who has been Adopted!


We have linoleum floors in the kitchen. And he hates them. He does the hokey pokey before finally running out on them and flipping us all off. I put him in the cage the other day, with the door open, and when we got back from work, he was still sitting there. That’s cause the ramp is slippery! (Its cardboard wrapped with tape.)
Our other bunny, Cassi, has absolutely no problems with anything. :) In fact, the other night, she hopped over our barrier, which means we’ll finally have to break down and get another gate for the kitchen. (We hadn’t previously, cause it was too slippery for her to get that high in the air.)
However, I opened the fridge today, and Ben ran out on the linoleum without pausing, so maybe there’s hope for treat bribery!

http://flickr.com/photos/stalag131 For photos!
-=Allan =-

Hi. Let me introduce myself. I am Jackie, and these are my sisters, Skylar, Autumn, and Sienna.

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We were born in HRN foster care of January 6, 2006. Our mother is Starla. She was taken in to foster care on January 5. 2006. If you do the math, you can see that we were very lucky to have been born here. To hear Mom tell it, she was very nervous coming here and had to start building a nest for us within a couple of hours of her arrival! Fortunately all four of us were born safe and sound at HRN.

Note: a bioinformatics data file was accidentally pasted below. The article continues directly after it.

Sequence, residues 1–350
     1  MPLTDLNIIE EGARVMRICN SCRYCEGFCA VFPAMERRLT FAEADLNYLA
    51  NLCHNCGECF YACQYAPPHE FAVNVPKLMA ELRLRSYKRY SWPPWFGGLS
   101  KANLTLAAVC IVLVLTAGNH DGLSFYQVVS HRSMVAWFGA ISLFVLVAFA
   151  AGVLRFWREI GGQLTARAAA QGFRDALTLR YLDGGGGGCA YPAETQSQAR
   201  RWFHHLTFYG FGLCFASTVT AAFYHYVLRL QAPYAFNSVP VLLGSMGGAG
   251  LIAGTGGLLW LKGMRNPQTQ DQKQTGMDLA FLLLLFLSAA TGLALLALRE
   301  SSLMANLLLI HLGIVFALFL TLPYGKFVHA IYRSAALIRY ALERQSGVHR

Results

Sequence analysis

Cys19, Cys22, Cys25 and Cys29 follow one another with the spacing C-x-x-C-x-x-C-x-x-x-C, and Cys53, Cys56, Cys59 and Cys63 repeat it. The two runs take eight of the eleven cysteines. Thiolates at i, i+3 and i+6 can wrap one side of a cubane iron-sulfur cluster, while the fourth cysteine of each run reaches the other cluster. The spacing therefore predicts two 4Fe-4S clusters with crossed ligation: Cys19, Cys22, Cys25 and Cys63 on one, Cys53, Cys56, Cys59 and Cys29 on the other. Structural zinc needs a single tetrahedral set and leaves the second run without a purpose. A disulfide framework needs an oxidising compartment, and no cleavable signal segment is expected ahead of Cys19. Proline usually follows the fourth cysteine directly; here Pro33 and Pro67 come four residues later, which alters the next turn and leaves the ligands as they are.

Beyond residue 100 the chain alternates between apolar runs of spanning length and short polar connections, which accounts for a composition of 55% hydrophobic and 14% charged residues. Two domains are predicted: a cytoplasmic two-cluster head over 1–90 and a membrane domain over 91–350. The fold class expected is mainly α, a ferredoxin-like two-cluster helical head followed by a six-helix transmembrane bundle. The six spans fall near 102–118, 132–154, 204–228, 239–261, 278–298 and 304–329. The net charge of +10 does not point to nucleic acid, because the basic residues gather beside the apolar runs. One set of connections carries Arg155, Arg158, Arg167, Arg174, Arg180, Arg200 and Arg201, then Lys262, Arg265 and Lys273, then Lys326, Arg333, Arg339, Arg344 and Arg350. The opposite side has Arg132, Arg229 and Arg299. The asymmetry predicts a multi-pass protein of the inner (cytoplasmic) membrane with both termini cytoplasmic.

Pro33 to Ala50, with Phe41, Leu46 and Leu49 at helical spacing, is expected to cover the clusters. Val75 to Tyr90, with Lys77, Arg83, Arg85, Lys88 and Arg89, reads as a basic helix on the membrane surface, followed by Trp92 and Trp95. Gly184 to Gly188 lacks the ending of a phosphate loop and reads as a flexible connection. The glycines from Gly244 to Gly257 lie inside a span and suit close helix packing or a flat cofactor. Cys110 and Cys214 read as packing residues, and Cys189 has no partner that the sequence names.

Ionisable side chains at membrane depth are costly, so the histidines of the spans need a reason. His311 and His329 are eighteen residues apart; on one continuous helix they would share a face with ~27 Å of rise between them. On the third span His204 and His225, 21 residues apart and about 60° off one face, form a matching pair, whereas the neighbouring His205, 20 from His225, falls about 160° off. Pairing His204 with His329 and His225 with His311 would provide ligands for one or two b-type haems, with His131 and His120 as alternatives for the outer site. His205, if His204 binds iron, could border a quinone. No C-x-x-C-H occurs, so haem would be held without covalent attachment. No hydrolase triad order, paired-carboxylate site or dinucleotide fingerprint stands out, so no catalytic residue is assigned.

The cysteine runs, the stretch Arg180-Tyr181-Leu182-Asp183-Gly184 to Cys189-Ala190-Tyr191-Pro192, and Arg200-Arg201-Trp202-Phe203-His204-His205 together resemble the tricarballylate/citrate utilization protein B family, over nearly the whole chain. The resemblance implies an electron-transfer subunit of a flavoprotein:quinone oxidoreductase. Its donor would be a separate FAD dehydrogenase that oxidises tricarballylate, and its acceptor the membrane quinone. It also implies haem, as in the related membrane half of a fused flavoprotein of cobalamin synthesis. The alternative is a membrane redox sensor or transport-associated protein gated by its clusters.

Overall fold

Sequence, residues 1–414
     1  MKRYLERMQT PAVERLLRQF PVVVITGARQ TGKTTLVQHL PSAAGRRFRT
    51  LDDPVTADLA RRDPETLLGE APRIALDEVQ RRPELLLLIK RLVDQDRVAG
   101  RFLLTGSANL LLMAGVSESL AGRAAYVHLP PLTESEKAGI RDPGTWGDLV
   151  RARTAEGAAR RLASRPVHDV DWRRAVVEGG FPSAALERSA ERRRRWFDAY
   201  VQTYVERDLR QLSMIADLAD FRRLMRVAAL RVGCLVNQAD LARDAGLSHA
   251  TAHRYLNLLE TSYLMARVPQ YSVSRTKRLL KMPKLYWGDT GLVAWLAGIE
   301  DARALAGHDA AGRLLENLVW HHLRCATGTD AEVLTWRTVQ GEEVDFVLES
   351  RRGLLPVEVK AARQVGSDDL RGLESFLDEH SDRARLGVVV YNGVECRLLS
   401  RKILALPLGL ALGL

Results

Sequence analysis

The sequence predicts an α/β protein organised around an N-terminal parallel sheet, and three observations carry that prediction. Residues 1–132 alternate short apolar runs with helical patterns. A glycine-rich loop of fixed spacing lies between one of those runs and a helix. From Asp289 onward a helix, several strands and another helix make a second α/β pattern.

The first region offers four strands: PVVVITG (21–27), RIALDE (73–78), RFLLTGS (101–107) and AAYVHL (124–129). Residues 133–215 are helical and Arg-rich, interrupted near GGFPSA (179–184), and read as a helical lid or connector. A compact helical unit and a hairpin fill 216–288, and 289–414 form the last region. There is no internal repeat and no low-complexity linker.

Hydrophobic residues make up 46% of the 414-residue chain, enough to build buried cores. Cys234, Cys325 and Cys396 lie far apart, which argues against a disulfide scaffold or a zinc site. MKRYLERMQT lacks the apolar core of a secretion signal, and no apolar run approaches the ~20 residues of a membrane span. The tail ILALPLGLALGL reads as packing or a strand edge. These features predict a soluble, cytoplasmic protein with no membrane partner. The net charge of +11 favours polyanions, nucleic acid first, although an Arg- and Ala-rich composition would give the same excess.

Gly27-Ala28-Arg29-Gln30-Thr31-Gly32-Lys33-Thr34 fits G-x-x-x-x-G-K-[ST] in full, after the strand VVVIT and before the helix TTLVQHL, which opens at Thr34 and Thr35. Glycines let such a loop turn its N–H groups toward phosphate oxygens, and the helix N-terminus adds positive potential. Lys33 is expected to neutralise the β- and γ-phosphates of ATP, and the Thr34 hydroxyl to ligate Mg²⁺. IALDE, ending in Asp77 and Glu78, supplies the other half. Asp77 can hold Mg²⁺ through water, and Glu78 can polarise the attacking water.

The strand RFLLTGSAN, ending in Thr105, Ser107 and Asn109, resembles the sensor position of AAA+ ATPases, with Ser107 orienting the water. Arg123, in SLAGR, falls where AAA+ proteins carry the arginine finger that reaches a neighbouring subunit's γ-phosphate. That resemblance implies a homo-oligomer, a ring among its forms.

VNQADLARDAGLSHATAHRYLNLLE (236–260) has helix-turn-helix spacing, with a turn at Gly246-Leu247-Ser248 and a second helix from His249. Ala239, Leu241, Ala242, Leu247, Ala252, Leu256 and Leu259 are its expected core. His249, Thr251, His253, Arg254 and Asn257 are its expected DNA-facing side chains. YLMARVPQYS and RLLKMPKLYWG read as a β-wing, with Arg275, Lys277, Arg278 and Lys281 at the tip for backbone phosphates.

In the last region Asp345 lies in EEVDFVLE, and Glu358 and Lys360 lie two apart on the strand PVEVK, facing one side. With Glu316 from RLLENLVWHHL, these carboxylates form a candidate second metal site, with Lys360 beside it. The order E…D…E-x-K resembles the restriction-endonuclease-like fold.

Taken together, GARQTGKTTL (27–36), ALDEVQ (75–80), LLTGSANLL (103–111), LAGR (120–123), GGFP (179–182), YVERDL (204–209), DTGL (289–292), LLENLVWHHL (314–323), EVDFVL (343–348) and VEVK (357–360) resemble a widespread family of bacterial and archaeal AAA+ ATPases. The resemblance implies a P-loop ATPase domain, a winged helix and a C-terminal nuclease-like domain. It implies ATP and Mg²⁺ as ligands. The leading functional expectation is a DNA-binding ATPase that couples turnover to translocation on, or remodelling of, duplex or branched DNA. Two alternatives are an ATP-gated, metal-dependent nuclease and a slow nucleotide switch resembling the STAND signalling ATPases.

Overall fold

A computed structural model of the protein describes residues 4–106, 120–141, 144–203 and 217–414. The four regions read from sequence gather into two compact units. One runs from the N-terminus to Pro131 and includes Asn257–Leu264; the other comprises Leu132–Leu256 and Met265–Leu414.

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We met several HRN volunteers at a volunteer meeting when we were about 3 weeks old. We were a big hit! Some nice people held us and told us we were very photogenic (whatever that means- I think it means we are CUTE!) especially because we all look exactly alike and also exactly like Mom!

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Those people kept photographing us in the following weeks (did I
mention we are cute?). We were cooperative, but we also had to do a lot of binkies and get into mischief, because we are, of course, babies. Our antics kept everyone entertained- ourselves, most of all!

Anyway, Mom has been adopted and now it’s our turn! Do you have a